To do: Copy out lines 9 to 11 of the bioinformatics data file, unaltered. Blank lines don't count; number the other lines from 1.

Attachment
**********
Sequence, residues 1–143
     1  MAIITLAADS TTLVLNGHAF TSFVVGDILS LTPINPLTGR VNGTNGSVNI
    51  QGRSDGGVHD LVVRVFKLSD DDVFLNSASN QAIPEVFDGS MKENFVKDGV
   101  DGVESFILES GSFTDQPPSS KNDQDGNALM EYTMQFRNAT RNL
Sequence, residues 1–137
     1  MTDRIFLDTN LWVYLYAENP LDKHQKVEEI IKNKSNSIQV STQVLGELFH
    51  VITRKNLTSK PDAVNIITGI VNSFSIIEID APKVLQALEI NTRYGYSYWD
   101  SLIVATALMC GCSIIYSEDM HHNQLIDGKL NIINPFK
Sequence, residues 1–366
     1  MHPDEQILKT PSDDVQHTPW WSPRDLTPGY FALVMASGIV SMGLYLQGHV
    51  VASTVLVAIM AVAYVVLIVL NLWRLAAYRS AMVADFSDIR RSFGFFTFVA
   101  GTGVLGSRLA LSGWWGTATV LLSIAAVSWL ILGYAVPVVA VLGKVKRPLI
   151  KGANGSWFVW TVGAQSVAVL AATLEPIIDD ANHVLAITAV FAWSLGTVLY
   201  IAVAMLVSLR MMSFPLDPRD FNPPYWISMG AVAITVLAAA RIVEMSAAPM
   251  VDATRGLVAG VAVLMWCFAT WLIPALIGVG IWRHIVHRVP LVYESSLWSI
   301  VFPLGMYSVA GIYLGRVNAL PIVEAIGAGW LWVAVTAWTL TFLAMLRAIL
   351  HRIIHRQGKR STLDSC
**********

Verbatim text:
Sequence, residues 1–366
     1  MHPDEQILKT PSDDVQHTPW WSPRDLTPGY FALVMASGIV SMGLYLQGHV
    51  VASTVLVAIM AVAYVVLIVL NLWRLAAYRS AMVADFSDIR RSFGFFTFVA